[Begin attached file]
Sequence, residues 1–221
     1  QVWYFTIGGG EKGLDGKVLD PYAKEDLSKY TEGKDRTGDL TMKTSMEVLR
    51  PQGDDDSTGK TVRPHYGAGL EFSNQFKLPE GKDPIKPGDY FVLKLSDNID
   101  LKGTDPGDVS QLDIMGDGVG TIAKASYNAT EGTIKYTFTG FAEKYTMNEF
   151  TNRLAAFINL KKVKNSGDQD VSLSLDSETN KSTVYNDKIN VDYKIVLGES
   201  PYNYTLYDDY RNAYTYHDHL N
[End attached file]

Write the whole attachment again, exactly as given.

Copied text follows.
Sequence, residues 1–221
     1  QVWYFTIGGG EKGLDGKVLD PYAKEDLSKY TEGKDRTGDL TMKTSMEVLR
    51  PQGDDDSTGK TVRPHYGAGL EFSNQFKLPE GKDPIKPGDY FVLKLSDNID
   101  LKGTDPGDVS QLDIMGDGVG TIAKASYNAT EGTIKYTFTG FAEKYTMNEF
   151  TNRLAAFINL KKVKNSGDQD VSLSLDSETN KSTVYNDKIN VDYKIVLGES
   201  PYNYTLYDDY RNAYTYHDHL N